“There hasn’t been …. a lot of things pushing forward to help the parks because the parks are not active.”

“We are taking many steps with the parks in order to make it a lot easier for people to be able to rent spaces and enjoy the park,” he added.

On the city level, Martinez said he’s heard there are talks of permitting the vendor carts. And he wants to see maps for vendors be created showing zones for ideal space to distribute goods.

“There’s like a few things,” Martinez said. “Those are the ones I’m zeroing in on.”

Officer injured is latest act of gun violence on holiday

Handling safety at the park and in the surrounding area to help reduce the acts of violence and reduce the burden on authorities during Cinco de Mayo festivities will be the first task for officials, like Martinez.

Without forgoing community events to celebrate a cherished holiday, authorities in the past have raised concerns about gatherings that arise in the city, typically originating on social media during the warmer months, and how they can escalate to violence.

The officer injured in Sunday’s shooting has not been identified by the department. Mark Courtney, 26, is accused of shooting the officer.

According to a criminal complaint, the officer was shot at about 10:52 p.m. while monitoring crowds. “I think something hit me,” he said. The officer said he felt pain in his left leg and then realized he had been shot, the complaint states. Other officers rendered aid and eventually the officer was transported to Froedtert Hospital.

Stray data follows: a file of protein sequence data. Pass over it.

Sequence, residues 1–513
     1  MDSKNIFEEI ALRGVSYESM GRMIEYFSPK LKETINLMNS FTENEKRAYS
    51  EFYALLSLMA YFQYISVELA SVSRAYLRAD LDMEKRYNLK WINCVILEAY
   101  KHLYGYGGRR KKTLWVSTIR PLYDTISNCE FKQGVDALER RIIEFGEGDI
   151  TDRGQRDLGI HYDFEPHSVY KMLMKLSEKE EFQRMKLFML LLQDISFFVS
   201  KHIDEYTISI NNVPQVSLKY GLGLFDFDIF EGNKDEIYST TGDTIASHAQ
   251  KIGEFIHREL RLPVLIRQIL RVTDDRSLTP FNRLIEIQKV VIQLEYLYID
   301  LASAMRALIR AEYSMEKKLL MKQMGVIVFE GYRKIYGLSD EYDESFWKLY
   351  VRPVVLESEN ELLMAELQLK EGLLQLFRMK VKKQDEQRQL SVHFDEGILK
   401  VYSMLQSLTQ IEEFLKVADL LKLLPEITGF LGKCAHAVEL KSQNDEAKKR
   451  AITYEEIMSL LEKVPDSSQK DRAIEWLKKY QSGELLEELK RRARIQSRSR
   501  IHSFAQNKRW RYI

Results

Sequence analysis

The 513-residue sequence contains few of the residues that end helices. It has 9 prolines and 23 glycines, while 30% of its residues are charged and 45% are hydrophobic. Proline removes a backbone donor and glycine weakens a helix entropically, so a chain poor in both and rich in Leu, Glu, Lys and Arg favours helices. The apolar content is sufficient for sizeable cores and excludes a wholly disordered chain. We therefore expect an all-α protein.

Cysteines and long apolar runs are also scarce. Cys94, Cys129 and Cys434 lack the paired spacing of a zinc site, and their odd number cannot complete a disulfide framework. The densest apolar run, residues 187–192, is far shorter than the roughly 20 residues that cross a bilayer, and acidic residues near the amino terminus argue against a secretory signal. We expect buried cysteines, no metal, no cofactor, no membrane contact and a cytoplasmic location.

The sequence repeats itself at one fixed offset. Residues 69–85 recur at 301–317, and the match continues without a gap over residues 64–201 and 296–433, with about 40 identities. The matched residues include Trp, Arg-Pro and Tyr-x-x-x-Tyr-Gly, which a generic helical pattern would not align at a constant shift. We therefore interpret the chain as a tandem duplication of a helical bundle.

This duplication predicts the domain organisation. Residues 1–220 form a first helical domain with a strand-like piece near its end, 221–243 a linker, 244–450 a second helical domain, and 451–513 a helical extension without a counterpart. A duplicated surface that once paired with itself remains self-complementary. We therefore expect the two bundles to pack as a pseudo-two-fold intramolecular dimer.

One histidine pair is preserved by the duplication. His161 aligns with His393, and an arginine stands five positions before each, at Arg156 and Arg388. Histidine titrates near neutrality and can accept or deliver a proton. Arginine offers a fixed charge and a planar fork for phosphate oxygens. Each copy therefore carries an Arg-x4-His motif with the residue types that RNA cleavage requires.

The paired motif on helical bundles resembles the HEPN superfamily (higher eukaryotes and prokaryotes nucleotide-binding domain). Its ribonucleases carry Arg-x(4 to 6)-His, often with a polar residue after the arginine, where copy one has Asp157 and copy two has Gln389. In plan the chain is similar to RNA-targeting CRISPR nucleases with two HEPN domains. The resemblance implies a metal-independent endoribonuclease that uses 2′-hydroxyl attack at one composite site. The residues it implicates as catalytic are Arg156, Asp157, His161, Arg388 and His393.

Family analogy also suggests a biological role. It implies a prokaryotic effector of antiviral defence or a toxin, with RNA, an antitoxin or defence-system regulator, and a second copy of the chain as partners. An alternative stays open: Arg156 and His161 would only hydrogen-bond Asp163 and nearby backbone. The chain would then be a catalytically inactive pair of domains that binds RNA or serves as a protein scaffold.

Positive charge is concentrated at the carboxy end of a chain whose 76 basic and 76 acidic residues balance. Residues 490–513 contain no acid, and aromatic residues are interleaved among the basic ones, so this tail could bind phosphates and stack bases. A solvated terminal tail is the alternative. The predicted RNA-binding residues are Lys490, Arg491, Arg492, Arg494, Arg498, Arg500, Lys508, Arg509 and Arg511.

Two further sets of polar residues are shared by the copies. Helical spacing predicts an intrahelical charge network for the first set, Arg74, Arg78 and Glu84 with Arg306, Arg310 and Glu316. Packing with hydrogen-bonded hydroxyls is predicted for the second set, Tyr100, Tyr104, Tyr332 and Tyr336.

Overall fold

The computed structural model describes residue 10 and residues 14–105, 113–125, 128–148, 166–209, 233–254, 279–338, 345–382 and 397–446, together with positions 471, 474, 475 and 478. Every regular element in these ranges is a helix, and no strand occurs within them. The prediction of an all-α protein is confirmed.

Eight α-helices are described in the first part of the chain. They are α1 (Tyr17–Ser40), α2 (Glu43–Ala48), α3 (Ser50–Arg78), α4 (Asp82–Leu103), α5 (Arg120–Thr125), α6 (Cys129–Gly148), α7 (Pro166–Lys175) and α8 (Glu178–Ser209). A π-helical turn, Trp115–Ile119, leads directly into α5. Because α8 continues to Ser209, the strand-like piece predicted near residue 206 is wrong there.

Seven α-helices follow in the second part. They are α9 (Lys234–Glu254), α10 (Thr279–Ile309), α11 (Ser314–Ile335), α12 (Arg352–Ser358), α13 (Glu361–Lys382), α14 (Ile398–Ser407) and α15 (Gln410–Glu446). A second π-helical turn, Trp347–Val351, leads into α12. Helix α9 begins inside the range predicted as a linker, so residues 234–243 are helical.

The shot came from the direction of the Jalisco’s restaurant on Cesar Chavez Drive, where four casing were recovered, according to the complaint.

Courtney was detained after an officer saw him walking fast away from the scene with a handgun in his waistband, the complaint states. Courtney said he is a concealed carry permit holder and he had just fired his firearm, according to police.

Prosecutors said surveillance video shows Courtney fired shots in the direction of an “unknown male” after the male skipped and forced his way through the line at Jalisco’s and the two got in an argument.

The shots missed the unknown male but hit the officer standing yards away. No officers returned fire and no one else was injured.

Courtney told detectives he believed the unknown male was going kill him.

Police Chief Jeffrey Norman held a news conference in the early morning hours of May 6.

“We are trying to celebrate culture, family, we want to honor the history and here we are dealing with violence in a senseless manner,” Norman said, “where we don’t understand the reasoning of having the use of firearms, especially in a reckless manner, when there should be a celebration about freedom and independence.

“This is something our community does not want; this is something we cannot tolerate in our city.

“We are again just very disappointed in regards to some of the individuals within our city who do not take this type of moment to really just enjoy themselves, enjoy the company of each other.”

Gina Castro of the Journal Sentinel contributed to this report.

This article originally appeared on Milwaukee Journal Sentinel: Violent Cinco de Mayo festivities have Milwaukee officials concerned